It is easy to identify which of the tombs were Christian tombs because the Christians tended to decorate their tombs with Christian symbols and pictures of biblical events. By studying the catacombs, archeologists are able to get a fairly accurate picture of the size of the church at any given time. Their studies reveal that by the end of the first century, the church in Rome numbered two hundred thousand people. That is a fifth of the population of the city!
Try to envision that kind of growth. The church in Rome would have begun near the middle of the century with a single house church of probably 20 people. As the saints were equipped to minister, that little church multiplied to two, and then to four, and then to eight. Through fifty years of sometimes severe persecution, the multiplication continued until by the end of the century, the church numbered 200,000. Assuming that an average house church numbered about 20 people, by the end of the first century there would have been more than ten thousand house churches scattered across the city of Rome!
That’s church growth! The Romans had no way to stop the growth of the church. As the church operated in fivefold ministry under the power of the Holy Spirit, the harvest came in.
From the apostolic center in Rome, teams went out to every part of the world. You have heard the saying, “All roads lead to Rome.” This also means that from Rome you can go anywhere in the Empire.
So teams went out and planted churches in every location. Tertullian, in the year 200, wrote to the pagans, “We have filled every place belonging to you: Your cities, islands, castles, towns, assemblies, your very camp, your tribes, your companies, your palace, your senate, your forum. We leave you your temples only. We can count your armies, but our numbers in a single province will be greater.” That’s called harvest.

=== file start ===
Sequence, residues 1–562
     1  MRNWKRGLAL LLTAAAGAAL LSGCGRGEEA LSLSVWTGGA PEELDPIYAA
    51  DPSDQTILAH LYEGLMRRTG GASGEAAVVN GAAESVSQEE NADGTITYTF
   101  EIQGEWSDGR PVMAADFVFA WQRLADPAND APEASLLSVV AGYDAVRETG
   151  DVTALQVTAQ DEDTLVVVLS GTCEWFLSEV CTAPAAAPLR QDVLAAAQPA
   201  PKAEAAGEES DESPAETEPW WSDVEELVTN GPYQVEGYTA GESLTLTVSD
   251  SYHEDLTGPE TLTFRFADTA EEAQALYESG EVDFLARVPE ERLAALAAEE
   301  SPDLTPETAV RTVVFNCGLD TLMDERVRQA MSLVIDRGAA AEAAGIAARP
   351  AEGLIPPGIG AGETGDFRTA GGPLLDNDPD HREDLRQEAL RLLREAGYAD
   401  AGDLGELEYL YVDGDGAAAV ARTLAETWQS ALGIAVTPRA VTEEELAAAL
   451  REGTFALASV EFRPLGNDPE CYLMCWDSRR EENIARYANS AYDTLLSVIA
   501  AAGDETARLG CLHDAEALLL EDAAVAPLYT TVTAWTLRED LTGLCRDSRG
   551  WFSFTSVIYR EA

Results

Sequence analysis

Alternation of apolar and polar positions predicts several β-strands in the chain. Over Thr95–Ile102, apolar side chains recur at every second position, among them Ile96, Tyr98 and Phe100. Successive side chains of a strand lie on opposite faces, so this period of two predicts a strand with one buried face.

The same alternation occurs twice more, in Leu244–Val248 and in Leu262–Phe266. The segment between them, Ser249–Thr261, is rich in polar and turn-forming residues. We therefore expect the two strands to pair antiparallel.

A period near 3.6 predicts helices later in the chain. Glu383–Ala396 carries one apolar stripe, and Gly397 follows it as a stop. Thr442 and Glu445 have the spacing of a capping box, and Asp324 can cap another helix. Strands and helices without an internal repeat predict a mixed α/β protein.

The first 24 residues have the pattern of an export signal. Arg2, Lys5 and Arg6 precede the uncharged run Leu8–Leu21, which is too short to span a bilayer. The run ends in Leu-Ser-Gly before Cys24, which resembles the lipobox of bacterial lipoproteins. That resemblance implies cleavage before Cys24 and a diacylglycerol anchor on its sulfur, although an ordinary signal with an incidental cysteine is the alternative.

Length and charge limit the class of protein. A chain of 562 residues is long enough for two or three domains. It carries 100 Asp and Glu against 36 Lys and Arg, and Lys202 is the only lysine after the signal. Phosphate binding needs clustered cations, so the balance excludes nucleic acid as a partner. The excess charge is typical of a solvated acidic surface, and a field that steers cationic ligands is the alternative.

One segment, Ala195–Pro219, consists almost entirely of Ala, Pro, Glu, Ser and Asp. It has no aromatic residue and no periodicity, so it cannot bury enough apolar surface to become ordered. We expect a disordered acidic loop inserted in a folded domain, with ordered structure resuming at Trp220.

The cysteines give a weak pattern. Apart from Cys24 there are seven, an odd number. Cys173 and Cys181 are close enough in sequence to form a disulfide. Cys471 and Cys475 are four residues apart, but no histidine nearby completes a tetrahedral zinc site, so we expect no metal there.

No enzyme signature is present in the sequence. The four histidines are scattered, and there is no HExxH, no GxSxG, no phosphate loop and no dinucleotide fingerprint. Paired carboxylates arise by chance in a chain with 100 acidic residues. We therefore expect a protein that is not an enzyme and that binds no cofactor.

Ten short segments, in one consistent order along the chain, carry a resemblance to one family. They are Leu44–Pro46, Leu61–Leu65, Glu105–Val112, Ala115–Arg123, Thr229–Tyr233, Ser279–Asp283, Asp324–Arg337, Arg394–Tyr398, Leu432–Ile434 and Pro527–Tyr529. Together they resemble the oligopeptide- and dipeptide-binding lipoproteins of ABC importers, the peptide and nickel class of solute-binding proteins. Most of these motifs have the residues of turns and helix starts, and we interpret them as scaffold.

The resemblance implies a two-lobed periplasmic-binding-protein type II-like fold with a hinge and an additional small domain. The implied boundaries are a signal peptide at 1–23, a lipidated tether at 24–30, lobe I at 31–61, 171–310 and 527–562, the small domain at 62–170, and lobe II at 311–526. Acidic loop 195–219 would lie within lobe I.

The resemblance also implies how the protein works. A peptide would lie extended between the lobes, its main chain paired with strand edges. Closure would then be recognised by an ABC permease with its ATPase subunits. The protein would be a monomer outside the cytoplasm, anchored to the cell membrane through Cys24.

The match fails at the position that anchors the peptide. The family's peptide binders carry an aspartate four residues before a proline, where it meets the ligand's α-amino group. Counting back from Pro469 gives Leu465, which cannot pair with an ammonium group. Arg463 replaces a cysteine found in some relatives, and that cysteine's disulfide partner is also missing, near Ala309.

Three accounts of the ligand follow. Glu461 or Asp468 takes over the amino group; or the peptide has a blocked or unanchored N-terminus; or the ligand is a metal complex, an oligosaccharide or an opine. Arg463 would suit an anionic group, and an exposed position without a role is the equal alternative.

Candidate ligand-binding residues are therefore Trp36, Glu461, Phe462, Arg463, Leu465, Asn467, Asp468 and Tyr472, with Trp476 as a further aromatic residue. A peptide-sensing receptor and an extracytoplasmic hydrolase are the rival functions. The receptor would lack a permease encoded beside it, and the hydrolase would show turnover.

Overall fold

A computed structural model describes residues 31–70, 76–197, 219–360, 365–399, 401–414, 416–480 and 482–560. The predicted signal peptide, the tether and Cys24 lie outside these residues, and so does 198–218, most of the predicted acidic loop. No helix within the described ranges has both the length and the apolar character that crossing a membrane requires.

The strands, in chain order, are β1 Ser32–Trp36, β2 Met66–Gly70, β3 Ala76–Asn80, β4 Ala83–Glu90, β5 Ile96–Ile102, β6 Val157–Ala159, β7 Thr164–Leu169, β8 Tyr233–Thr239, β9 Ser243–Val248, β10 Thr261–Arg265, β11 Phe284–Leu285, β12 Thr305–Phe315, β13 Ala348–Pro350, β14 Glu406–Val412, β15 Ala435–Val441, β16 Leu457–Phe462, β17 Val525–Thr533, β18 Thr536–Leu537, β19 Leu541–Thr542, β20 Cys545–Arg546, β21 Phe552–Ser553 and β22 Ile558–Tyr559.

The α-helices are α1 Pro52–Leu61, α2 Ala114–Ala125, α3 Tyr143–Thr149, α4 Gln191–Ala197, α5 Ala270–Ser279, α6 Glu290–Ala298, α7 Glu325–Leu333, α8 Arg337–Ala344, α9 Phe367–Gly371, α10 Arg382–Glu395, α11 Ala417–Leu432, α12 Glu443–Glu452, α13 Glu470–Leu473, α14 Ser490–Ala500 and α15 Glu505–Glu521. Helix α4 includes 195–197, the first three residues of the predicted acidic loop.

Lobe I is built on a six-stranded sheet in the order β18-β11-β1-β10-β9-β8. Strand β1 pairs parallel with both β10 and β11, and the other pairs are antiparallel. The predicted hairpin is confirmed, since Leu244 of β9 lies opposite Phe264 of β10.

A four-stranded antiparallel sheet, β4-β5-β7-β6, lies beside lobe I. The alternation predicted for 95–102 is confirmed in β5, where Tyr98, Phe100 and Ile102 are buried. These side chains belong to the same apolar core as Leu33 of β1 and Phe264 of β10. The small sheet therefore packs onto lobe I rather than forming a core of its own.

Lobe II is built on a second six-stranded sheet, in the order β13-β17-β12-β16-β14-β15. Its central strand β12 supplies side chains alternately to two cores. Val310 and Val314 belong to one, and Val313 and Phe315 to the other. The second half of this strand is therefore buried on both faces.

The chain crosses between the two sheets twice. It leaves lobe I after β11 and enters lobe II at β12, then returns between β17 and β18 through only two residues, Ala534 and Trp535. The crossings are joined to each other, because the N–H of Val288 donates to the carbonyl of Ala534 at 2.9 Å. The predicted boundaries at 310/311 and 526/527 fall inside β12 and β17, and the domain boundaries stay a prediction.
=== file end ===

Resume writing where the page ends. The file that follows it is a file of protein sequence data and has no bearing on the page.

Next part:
The church historian Philip Schaff writes, “It may be fairly asserted that by the end of the third century the Name of Christ was known, revered, and persecuted in every province, and in every city in the Empire. In all probability at the close of the third century the church numbered ten million souls.” Some estimate that by the end of the third century, half of the population of the Empire had converted to Christianity.
Today: We are seeing the restoration of the ministry of the apostle to the Church in many nations. And, we are beginning to see the emergence of apostolic regional churches or apostolic centers where the fullness of the fivefold ministry can reside and then minister from there to house churches throughout their region.
These apostolic centers will enable the Church to once again grow and spread with incredible speed. God is preparing His Church to receive the great end-time harvest. God is changing His Church. He is changing the structure and basic foundation of the Church so that His life can once again be experienced and shared. He is doing it for one main purpose – that the harvest may come in.
Jesus said, “And this gospel of the kingdom will be proclaimed throughout the whole world as a testimony to all nations, and then the end will come.”
We will rise up powerful once again and, like the church in Rome, penetrate the structures of the world.
God is restoring the Church as His new wineskin, and He will pour in the new wine.